Pros:very innovative, quite an original story, interesting characters, a classic in its own right
Cons:personally I wanted it to be more scary
The Bottom Line: An innovative film that is recommended for its interesting premise and intoxicating characters.
The film Nightmare Before Christmas really brought a new genre to the field of Christmas films that had forever relied on the typical candy coated family film. Breaking the mold, you could almost say that the film looked at a possible dark side of the holiday, taking the form of almost a horror film in its presentation. Done in stop-action animation, where the characters are staged, shot, and then re-staged for another shot, its a tougher way to go than a normal film, and shows how much work that Director Henry Selick and Creator Tim Burton were willing to put forth in order to create a success. What they did come away with was an intriguing look at a blend of Halloween and Christmas with a dash of humor and a lot of interesting characters that has made this film really stand by itself as one of Burton's best works.
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Nightmare Before Christmas came out right around Halloween in 1993, and centers on the character of Jack Skellington, who is the King of Halloween town. He is basically in charge of Halloween, from making sure the scares are frequent, to keeping order in the town. The thing is though, he has become bored with the same thing happening every year, and wants to branch out a little bit. While walking through the dark forests near where he lives, he comes across Christmas town, and suddenly he sees a whole new version of life. The people there are much more jolly, and this whole new season completely enthralls the normally scary man from Halloween town. One thing he is not though, is modest, feeling that he can do a better job of Christmas than Santa Claus, and hatches a plot to have him kidnapped and take over the job himself. Thus a plan is unfolded to have the creatures of Halloween take over Christmas.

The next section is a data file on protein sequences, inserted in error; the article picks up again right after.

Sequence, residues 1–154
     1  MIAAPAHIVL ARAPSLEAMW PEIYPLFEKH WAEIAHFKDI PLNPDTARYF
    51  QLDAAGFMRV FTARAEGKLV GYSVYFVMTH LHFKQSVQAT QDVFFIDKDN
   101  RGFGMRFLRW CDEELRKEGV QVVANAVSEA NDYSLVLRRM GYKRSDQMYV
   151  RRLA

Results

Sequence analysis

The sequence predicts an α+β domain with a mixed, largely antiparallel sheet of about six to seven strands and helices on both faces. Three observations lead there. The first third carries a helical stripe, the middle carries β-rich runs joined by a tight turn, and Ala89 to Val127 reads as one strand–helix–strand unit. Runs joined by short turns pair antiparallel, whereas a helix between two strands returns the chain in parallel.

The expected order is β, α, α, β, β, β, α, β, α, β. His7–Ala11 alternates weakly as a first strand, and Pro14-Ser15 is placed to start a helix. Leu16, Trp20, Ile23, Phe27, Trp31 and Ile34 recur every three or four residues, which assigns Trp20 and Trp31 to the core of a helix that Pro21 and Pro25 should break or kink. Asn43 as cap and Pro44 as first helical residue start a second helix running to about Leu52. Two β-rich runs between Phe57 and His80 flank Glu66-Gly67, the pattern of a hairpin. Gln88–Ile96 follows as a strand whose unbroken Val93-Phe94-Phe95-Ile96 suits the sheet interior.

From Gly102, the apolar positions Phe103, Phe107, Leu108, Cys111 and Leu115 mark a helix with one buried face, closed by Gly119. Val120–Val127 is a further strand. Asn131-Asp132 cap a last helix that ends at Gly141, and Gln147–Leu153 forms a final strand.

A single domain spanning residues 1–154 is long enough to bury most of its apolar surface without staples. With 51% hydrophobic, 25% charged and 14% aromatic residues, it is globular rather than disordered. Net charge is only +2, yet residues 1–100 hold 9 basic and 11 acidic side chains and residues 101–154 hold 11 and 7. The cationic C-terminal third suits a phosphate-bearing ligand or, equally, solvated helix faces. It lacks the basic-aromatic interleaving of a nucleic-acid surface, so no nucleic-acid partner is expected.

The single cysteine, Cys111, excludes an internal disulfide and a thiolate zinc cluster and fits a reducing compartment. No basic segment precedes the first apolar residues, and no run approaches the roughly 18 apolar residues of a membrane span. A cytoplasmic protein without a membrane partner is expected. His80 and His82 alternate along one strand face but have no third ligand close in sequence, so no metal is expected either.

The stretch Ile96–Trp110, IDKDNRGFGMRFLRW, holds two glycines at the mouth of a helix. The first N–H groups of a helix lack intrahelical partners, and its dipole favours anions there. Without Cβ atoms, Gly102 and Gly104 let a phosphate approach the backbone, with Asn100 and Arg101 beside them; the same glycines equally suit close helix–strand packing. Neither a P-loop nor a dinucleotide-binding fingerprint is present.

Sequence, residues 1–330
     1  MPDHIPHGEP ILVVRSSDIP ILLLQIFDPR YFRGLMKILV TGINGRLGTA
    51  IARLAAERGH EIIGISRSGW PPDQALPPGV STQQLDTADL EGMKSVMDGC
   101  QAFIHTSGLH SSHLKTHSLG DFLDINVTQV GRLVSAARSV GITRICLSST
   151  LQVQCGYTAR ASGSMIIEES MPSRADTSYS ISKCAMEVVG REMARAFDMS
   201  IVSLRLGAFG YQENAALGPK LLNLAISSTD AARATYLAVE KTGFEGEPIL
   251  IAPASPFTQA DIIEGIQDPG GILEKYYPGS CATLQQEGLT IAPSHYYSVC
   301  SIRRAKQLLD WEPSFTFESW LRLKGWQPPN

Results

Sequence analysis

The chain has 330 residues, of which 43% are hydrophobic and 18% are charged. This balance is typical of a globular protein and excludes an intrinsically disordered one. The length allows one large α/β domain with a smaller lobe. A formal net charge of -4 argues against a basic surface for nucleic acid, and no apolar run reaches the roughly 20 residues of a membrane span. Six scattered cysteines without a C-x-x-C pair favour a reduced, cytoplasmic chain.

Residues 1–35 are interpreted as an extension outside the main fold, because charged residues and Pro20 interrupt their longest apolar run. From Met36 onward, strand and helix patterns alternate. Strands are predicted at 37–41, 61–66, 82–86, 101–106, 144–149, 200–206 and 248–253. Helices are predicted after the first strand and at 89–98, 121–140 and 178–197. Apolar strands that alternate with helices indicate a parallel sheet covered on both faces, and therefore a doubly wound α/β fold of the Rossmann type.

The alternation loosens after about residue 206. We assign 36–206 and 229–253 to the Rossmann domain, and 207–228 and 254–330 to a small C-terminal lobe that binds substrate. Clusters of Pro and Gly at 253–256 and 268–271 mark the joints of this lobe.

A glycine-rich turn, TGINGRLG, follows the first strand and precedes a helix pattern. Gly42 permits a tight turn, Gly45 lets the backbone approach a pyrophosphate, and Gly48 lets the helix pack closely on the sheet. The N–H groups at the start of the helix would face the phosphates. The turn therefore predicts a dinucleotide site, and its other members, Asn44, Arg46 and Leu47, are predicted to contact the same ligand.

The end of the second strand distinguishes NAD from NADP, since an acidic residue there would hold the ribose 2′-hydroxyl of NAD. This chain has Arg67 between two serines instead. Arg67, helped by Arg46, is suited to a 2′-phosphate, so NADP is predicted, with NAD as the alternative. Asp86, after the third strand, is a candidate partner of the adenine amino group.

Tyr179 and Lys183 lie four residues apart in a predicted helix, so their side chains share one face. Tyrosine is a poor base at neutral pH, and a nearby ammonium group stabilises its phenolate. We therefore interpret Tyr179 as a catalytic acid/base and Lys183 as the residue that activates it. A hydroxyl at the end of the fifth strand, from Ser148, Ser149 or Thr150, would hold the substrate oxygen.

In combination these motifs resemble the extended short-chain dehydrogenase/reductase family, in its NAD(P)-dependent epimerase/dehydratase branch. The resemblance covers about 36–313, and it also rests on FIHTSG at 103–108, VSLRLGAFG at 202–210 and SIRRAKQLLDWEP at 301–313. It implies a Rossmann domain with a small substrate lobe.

This is a story that really does carve its own notch in the genre of holiday films. Nothing like it had been seen before, and putting darker characters into the Christmas season really created a classic story. What Burton created here was a very recognizable piece of cinema, and my respect goes out for the meticulously intense level of work that had to go into making the film. Posing the characters only to re-pose them, and then do it again for each and every frame shows how much work goes into stop-animation, and gets extra points from this fan of film for the sheer dedication it took for the creators. I would also have to say that the patience of the director and camera-man had to be at a pretty high level in order to get the final creation to work for the viewing public. I think that all of the hard work did indeed pay off in the end, because anybody who has seen the film will not soon forget about it.
Though this is a darker animated film, its not the typical horror you would expect from some films, but rather a cartoonish representation that works hard at injecting humor and sarcasm to go along with the visual representation. That is why I think it is a film that could be enjoyed by everyone in the family, because it strives to break out of being pigeon-holed, and gives something that nearly any viewer would enjoy watching. I would also be remiss if I didn't point out the great voices and songs that include Chris Sarandon as the voice of Jack, Catherine O'Hara as his interest Sally, and Danny Elfman as the singing voice of Jack. There are a number of songs that connect some of the story elements, and you get your typical score from Elfman in a film that Burton is involved with. If you are looking for something different for the holiday season, this is a great film to see, because it gives you a different perspective, but does so in an interesting and non-threatening fashion.
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